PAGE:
My new work, which has been produced during the COVID-19 pandemic is entitled “After Eden”. It is a series of digital photographs and collages documenting the changes of botanical species throughout the seasons in my garden. Since March 2020, I have resided in the countryside, not far from my home in New York City. The images employ “in and out of focus” lens work, in which the plants appear in both strict hard-edge contours and mist-like color. Some of the images seem to disappear as a reference to fading away, or to put it in less desirable terms, move towards extinction. As photography is “writing with light” its importance cannot be overstated in image-making. However, the use of the lens is of equal value to the image and goes beyond scientific exactitude. These works speak to the spirit of nature which is at once visible, while at the same time hidden.
Transience of life, i.e. Vanitas is a central topic in your work - How do you archive your own works? And how do you think Media Art should be preserved?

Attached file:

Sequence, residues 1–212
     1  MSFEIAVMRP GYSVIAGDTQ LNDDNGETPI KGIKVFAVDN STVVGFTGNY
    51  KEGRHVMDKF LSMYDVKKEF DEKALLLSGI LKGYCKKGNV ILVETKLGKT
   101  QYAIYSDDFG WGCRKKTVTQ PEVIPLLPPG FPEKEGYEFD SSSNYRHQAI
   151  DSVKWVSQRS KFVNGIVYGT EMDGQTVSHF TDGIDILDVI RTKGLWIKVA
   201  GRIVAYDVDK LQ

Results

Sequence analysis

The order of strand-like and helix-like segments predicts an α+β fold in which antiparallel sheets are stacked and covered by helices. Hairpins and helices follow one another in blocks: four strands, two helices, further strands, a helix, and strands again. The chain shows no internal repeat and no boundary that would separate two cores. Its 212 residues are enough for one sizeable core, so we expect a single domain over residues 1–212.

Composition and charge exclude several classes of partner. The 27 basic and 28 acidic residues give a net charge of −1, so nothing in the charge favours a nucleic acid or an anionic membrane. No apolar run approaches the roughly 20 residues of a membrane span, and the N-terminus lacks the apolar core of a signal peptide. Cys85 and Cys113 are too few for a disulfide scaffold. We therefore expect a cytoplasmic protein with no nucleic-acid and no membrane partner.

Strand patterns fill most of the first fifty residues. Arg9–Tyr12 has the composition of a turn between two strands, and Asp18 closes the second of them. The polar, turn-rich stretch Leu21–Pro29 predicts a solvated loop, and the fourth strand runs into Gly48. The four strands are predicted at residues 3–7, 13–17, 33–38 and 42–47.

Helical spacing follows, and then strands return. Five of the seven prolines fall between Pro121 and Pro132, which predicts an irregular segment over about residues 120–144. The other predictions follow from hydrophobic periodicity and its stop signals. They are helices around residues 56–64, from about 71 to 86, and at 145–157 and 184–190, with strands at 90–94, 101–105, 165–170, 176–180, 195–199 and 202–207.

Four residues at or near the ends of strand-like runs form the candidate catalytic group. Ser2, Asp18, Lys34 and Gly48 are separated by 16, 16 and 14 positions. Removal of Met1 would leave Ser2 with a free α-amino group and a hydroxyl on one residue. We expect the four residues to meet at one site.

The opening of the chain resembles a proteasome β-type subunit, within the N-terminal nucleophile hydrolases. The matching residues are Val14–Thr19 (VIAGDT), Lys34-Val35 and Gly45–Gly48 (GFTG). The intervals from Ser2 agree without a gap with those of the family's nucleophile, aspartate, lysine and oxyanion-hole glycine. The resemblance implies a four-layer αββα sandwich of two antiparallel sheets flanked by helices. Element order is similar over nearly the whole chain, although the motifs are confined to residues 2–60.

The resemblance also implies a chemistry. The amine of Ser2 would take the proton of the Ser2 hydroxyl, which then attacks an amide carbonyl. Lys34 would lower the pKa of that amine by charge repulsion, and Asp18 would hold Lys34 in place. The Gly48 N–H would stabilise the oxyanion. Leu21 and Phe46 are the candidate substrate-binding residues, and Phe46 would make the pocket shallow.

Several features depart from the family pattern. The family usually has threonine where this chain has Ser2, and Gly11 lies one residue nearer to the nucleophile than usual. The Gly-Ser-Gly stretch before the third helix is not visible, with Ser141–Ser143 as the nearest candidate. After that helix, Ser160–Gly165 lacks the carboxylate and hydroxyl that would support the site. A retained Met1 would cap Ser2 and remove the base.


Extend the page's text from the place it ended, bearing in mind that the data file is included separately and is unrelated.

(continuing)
Yes, transience is a part of the cycles of the natural world as it moves through the processes of birth and decay, death and rebirth. However, transience in Media art is problematic. As new technologies advance, sometimes it is not possible to play a video or print a sculpture because the newer technologies create different and varying results. Sometimes prints and videotapes fade or are not archival over long periods of time. My “Remote Sensing” work is an example. The colored inks employed by the three-dimensional printer are not color fast and lose their color vibrancy over short periods of time, even when the pieces are not exposed to light. In order to combat this complication, I have turned to hand-painting them in archival acrylic paints and inks and spraying them with a UV coating. Perhaps in the future, machine pigments can be made to be light fast. Because these sculptures cannot be made by hand, this hybrid practice between digital production and painting can be employed for the time being. In general, my work is archived through photography and preserved in storage boxes as needed. We all await what the new technologies will bring and how we will translate what we have now into future incarnations so that it may be viewed at a later time.
The ADA team would like to thank Suzanne Anker for her contribution to the ADA platform, and give special thanks to her assistant Evan Durkin for his work on facilitating this project!
Text and Interview (CC) by Carla Zamora